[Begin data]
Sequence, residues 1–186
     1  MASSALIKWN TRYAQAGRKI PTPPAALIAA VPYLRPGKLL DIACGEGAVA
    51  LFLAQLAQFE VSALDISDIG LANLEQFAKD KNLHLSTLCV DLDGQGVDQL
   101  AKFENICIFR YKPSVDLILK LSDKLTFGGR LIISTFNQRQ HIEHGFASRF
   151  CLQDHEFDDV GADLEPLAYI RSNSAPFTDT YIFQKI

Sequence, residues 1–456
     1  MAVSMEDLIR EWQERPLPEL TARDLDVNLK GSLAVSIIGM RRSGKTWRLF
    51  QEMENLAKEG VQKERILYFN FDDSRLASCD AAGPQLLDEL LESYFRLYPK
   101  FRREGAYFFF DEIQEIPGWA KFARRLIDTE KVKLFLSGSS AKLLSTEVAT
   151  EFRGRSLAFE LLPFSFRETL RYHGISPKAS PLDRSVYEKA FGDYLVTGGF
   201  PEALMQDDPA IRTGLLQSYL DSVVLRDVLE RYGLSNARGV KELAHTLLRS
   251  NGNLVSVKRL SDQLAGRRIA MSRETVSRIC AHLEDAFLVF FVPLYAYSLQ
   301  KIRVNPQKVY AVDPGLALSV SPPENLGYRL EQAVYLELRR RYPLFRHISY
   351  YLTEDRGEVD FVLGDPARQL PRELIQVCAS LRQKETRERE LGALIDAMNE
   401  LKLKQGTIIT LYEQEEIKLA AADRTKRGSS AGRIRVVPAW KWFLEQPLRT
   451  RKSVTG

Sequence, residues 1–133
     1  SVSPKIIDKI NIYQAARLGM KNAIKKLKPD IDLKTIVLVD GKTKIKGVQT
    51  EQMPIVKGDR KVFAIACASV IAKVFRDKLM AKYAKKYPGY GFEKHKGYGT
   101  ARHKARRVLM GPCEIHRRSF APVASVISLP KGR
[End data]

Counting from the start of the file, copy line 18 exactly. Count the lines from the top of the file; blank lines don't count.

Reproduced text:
     1  SVSPKIIDKI NIYQAARLGM KNAIKKLKPD IDLKTIVLVD GKTKIKGVQT